In previous TAM Enterprise Experiences posts, we have outlined typical aspects of utilizing MySQL in an Enterprise environment. One thing we have not yet covered is the topic of database encryption, both from the standpoint of business requirements as well as some of the more technical aspects of encryption.
In this post, we will cover:
- Common enterprise compliance requirements
- Types of MySQL encryption
- Choosing the right encryption
Common Compliance Requirements
Beyond the obvious security concerns with sensitive data, most enterprise businesses also need to meet various compliance requirements, with the compliance requirement(s) dependent on the country the business is located in, the type of business, and the type of data being stored. Note that in all cases, the onus is on the business to protect the data based on these compliance requirements. Some of the more common enterprise compliance requirements are:
- Applies to businesses located within the EU.
- 32(1) of the General Data Protection Regulation to implement appropriate technical and organizational measures to secure personal data.
- The GDPR deliberately does not define which specific technical and organizational measures are considered suitable in each case, in order to accommodate individual factors.
- Source: https://gdpr-info.eu/issues/encryption/
- Applies to the medical industry within the United States.
- The HIPAA encryption requirements for transmission security state that covered entities should “implement a mechanism to encrypt personal health information (PHI) whenever deemed appropriate.
- Source: https://www.hipaajournal.com/hipaa-encryption-requirements/
- PCI DSS
- Applies to protect monetary transactions.
- PCI encryption Requirement 3 of the Payment Card Industry’s Data Security Standard (PCI DSS) is to “protect stored cardholder data.”
- The public assumes merchants and financial institutions will protect data on payment cards to thwart theft and prevent unauthorized use.
- Encryption of cardholder data with strong cryptography is an acceptable method of rendering the data unreadable in order to meet PCI DSS Requirement 3.4.
- Source: https://www.pcisecuritystandards.org/pdfs/pci_fs_data_storage.pdf
Outside of compliance, there are of course other very critical reasons for an enterprise business to encrypt and protect data. A breach of security could result in a major negative business impact at best, and complete ruin at worst. Protecting business secrets from the competition, as well as an overall ethical and moral responsibility to protect information and data are other reasons that data security and encryption should always be taken seriously, regardless of business size or industry.
There are several types of MySQL encryption:
- Encryption At Rest
- Full disk encryption
- Encrypted database files
- Encryption In Transit
- TLS + Enforcement of SSL for TCP/IP user and replication accounts
- Use of a UNIX SOCKET connection instead of the TCP/IP mysql connection
- Encryption In Use
- Applications encrypt data before storing it and decrypt it once retrieved.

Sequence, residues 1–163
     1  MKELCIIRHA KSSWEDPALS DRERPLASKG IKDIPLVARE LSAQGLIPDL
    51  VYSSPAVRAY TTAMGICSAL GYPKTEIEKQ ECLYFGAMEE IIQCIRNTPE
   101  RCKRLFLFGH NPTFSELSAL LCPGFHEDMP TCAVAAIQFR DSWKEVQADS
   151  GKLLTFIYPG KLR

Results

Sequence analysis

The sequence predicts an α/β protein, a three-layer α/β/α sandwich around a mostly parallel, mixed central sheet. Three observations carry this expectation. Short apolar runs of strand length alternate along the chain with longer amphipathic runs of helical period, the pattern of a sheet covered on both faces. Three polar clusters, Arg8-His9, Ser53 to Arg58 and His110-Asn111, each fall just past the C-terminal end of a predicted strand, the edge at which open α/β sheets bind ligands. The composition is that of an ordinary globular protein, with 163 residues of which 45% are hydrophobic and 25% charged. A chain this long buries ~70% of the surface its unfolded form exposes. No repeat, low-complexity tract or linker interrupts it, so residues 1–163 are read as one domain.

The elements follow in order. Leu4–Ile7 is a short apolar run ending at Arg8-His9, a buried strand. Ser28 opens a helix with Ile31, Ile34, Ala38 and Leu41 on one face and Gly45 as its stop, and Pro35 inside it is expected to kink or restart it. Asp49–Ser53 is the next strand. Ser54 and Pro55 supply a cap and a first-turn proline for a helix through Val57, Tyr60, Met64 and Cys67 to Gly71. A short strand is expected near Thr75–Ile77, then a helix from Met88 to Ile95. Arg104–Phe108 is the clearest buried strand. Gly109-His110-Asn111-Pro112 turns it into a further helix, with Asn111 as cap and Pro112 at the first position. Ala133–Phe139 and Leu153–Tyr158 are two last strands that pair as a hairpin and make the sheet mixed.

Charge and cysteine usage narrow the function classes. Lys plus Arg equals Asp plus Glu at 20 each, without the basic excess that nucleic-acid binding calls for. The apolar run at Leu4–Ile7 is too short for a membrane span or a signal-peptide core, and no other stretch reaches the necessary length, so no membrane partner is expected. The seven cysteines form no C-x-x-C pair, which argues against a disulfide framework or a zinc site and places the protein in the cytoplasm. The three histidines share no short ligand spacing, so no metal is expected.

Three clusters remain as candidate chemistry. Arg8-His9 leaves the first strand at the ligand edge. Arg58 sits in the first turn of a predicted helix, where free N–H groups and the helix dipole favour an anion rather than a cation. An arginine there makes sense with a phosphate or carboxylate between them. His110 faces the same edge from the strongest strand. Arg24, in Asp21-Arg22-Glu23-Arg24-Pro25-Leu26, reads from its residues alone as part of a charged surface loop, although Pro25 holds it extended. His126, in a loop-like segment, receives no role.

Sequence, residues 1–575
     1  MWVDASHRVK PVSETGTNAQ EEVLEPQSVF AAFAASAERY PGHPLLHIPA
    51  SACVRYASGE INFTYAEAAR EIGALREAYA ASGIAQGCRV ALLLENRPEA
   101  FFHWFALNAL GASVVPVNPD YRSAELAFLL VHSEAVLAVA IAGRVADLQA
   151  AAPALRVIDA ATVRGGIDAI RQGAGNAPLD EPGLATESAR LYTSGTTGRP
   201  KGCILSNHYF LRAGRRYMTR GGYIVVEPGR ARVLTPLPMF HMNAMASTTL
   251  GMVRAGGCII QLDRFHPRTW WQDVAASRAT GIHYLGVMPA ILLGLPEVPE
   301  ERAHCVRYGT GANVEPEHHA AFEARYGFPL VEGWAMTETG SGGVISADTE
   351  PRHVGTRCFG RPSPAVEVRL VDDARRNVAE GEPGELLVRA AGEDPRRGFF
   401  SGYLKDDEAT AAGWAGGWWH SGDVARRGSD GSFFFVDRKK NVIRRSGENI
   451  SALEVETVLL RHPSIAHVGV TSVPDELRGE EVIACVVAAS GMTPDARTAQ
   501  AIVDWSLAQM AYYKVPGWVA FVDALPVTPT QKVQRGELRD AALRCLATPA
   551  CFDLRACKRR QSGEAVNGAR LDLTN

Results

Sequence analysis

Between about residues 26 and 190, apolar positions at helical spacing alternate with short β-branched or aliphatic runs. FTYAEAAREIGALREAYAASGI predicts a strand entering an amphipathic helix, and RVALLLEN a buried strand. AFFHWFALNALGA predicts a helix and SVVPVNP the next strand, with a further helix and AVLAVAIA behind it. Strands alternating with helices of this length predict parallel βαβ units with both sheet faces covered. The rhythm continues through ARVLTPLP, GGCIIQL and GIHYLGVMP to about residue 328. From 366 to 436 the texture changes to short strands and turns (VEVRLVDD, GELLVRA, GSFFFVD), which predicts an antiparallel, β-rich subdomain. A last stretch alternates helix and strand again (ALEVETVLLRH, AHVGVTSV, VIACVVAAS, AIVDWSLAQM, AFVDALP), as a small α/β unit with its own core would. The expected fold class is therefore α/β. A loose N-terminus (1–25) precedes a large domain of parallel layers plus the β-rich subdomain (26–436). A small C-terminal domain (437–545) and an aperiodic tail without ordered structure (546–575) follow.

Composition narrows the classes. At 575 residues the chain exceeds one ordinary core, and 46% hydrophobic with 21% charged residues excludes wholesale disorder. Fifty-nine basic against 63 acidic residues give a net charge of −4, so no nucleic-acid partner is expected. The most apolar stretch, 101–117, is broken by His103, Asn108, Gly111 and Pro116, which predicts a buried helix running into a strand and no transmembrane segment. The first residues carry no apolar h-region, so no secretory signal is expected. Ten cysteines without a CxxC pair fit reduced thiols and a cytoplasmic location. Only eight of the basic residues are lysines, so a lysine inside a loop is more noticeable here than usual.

- The application takes responsibility for data security.
Choosing the Right Encryption
No matter the circumstances, at a bare minimum, encryption in-transit should be utilized to protect data in flight. All replication accounts and all user accounts should be using TLS + enforcement of SSL.
At some point in the future perhaps MySQL will mature to the point where in-use encryption won’t need to be handled by the application and the last bullet point can be dropped from the list. For now, however, the use of debuggers like strace can give access to the unencrypted data in memory on the MySQL server. Adding in this additional layer of application encryption can ensure that data in memory on the database server is encrypted and protected.
Encryption at the Volume/OS/Block Level
- Simple to encrypt the volume or disk
- MySQL isn’t aware of any change
- The application isn’t aware of a change
- Doesn’t protect from insider threats
- Centralized key storage and compliance can be problematic
Encryption at the Database Level
- Protects from insider threats
- Can encrypt across volumes you don’t control
- Backups and restores are automatically encrypted
- Lower overhead (3-5% performance hit)
- DBA controlled
- Centralized key storage
- Compliance ready
- Still vulnerable to in-memory attacks
- More setup / complications
- Loss of keys would be catastrophic
Encryption at the Application Level
- Database servers are protected at all levels automatically since the data is unusable without decryption
- Most flexible
- Little to no overhead on databases
- Many applications are not built with this in mind and are not easy to change
- Full text and partial text search can be a problematic
- Application shoulders all the responsibility for key security
What is Hashicorp’s Vault?
Hasicorp’s Vault is software for securely managing secrets. In this case, a secret is anything you want to tightly control access to, such as API Keys, passwords, or certificates. Vault is flexible with administration and can be controlled via a web GUI or the command line. There is also a strong API using curl with various ways to authenticate, and Hashicorp regularly pushes out updates to Vault keeping it up to date.
- One easily managed, centralized location for all keys
- No backups of keyring file needed
- Better security as the key is nowhere on the MySQL server itself
- Powerful auditing capabilities
In a perfect world, your data would never be at risk and would always be protected. In reality, however, it is up to the data owners/administrators to protect their data using the methods outlined above.